Ian Hickson (“Hixie” — WHATWG specification editor, CSS2.1 co-editor and Google’s W3C representative) recently published an interesting post on Google+. He’s occasionally contacted by people suggesting a better alternative to HTML but, in all cases, none have come close. Ian states that any technology would need to satisfy at least five objectives to displace existing web technologies:
- Be devoid of licensing requirements.
- Be vendor-neutral and accept input from everyone.
- Be device and media-neutral; it should work on PCs, TVs, mobiles, tablets, screen readers and any future hardware.
- Be content-neutral and not restrict itself to types of document or application.
- Be radically better than the existing web in every way; faster, more usable, more features, easier to develop, easier to monetize, etc.
HTML can fail objectives two and three. Technologies such as XHTML2 and XForms only satisfied one and three. Java and Flash struggle in all areas — and I’d also add Google’s Dart to that list.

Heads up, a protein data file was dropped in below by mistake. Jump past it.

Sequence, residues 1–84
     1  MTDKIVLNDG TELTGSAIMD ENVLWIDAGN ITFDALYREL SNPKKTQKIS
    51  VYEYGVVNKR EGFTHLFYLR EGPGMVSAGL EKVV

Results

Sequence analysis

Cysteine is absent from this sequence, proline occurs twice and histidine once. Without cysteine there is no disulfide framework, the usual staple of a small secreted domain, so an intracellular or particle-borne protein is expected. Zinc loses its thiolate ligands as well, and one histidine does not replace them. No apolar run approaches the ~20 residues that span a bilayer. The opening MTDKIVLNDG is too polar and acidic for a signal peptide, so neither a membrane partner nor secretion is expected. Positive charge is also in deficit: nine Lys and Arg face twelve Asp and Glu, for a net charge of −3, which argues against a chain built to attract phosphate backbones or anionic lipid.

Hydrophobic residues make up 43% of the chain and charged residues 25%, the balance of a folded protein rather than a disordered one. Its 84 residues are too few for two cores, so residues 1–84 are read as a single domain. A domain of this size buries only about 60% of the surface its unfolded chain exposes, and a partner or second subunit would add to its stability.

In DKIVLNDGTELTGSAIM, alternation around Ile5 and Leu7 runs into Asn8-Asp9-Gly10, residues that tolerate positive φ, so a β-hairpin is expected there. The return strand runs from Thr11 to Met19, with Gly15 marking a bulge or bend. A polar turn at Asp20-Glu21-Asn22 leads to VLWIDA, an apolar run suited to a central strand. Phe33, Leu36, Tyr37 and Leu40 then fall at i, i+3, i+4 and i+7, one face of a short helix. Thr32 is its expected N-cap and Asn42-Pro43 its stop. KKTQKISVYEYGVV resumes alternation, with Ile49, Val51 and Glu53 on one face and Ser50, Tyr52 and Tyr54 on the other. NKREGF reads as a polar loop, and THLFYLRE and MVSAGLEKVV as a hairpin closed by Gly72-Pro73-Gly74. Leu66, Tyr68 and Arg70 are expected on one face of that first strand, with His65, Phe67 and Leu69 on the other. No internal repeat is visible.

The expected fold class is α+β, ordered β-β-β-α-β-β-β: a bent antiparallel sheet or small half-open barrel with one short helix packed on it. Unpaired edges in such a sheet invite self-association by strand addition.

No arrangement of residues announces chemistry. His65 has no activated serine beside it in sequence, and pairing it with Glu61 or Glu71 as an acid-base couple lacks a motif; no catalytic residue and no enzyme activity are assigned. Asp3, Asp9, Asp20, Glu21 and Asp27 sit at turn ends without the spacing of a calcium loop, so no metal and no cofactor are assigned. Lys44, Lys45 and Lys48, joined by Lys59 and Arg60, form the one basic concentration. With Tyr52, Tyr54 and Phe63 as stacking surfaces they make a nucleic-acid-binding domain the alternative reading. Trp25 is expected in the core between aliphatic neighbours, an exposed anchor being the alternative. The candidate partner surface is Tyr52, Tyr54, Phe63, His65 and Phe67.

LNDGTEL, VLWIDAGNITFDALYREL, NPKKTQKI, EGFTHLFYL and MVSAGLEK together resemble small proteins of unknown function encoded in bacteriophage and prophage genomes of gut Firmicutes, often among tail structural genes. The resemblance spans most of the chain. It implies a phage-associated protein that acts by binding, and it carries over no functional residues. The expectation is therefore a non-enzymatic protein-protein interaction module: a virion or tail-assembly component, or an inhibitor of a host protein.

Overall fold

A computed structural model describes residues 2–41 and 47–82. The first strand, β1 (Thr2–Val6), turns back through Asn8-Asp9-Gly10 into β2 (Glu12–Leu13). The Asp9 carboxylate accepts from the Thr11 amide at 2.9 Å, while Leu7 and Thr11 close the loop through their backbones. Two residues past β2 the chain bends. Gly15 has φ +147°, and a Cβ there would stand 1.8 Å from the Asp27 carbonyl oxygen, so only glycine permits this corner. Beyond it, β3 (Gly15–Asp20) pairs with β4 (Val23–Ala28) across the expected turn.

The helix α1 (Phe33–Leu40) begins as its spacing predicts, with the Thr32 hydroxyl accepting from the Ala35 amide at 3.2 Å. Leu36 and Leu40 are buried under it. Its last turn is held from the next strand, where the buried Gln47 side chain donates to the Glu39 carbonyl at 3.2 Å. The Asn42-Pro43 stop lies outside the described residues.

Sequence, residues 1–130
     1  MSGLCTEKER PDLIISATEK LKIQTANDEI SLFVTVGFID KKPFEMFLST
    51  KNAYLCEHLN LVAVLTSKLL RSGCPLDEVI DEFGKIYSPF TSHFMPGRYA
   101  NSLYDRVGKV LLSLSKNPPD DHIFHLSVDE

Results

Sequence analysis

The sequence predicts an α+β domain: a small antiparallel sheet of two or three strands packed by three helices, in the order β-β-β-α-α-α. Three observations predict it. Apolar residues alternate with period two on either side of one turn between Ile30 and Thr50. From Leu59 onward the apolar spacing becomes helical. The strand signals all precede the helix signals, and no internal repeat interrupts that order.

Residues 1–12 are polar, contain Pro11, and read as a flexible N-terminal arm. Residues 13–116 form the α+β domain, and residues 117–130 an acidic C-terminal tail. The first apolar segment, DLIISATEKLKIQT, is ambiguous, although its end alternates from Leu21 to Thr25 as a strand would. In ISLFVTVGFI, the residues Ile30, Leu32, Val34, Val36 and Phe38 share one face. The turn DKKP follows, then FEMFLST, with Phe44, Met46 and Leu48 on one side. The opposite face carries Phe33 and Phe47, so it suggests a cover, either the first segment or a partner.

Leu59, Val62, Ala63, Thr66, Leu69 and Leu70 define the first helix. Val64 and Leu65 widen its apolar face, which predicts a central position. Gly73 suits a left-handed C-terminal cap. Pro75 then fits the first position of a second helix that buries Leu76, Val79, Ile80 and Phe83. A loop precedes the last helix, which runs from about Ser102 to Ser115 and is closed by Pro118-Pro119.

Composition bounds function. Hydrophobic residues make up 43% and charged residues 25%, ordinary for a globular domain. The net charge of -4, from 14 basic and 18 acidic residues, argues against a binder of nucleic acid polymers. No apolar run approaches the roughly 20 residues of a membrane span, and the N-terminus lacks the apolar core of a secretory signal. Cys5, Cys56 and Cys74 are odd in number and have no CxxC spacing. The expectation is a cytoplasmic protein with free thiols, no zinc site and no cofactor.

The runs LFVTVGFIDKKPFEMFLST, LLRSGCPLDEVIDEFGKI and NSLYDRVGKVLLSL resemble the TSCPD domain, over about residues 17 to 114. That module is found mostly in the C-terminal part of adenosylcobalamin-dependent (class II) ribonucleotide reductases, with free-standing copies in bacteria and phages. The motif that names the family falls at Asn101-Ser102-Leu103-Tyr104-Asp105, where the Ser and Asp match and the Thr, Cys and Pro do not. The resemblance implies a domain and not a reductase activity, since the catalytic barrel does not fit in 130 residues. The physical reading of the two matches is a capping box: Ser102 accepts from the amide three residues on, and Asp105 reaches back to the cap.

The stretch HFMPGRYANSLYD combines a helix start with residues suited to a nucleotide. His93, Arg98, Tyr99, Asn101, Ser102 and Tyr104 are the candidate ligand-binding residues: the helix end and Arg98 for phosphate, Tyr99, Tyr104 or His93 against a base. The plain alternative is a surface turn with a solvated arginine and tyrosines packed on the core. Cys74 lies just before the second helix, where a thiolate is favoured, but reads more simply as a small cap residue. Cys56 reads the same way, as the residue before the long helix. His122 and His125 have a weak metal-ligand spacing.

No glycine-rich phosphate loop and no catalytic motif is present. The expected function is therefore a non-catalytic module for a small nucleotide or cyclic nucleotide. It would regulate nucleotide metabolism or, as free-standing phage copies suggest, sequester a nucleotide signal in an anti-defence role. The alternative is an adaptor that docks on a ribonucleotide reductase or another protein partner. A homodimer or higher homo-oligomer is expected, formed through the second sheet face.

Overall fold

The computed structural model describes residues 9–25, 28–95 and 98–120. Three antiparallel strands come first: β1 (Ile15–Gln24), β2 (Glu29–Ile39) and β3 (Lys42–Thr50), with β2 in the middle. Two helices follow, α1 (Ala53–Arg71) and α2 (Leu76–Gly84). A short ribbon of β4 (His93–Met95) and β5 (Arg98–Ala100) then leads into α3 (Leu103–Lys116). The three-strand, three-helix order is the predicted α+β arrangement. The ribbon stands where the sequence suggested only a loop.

Let’s face facts: web technology never has been and never will be perfect. There will always be shortcomings and compromises. After all, it took 15 years for native video support to arrive and vendors still haven’t agreed implementation details.
However, web technologies have been incredibly resilient despite alternatives offered from Microsoft, Google, Apple, Adobe, Sun and Oracle:
- HTML has its roots in SGML as it did in the early 1990s.
- CSS was devised in 1996 and retains the same selector / property syntax.
All survived because they were the first practical web technologies which could be used without paying royalties. Better options may appear, but it’s difficult to imagine ones which would receive universal vendor agreement and have commercial benefits which offset the substantial investment required to supersede HTML.
But perhaps you know something I don’t? Gaze into your crystal balls and let me know whether HTML has a long-term future or better alternatives are around the corner …
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Craig is a freelance UK web consultant who built his first page for IE2.0 in 1995. Since that time he's been advocating standards, accessibility, and best-practice HTML5 techniques. He's created enterprise specifications, websites and online applications for companies and organisations including the UK Parliament, the European Parliament, the Department of Energy & Climate Change, Microsoft, and more. He's written more than 1,000 articles for SitePoint and you can find him @craigbuckler.